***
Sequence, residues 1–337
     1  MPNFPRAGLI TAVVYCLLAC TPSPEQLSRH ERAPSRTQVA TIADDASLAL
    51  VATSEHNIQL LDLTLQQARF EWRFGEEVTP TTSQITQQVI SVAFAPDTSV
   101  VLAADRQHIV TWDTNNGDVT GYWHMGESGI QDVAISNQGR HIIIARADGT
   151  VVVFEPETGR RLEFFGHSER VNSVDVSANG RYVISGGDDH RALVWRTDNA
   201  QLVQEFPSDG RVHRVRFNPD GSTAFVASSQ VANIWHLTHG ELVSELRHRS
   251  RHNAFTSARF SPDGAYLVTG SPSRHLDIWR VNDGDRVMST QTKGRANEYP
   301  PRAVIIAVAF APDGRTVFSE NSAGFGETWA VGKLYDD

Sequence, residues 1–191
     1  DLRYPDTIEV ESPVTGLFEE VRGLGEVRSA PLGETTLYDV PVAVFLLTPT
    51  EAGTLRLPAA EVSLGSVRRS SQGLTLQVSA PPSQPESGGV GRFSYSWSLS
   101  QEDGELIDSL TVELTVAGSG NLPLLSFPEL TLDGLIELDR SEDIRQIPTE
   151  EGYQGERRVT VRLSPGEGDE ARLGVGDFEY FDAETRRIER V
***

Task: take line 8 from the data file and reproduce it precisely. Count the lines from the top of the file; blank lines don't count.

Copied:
   301  PRAVIIAVAF APDGRTVFSE NSAGFGETWA VGKLYDD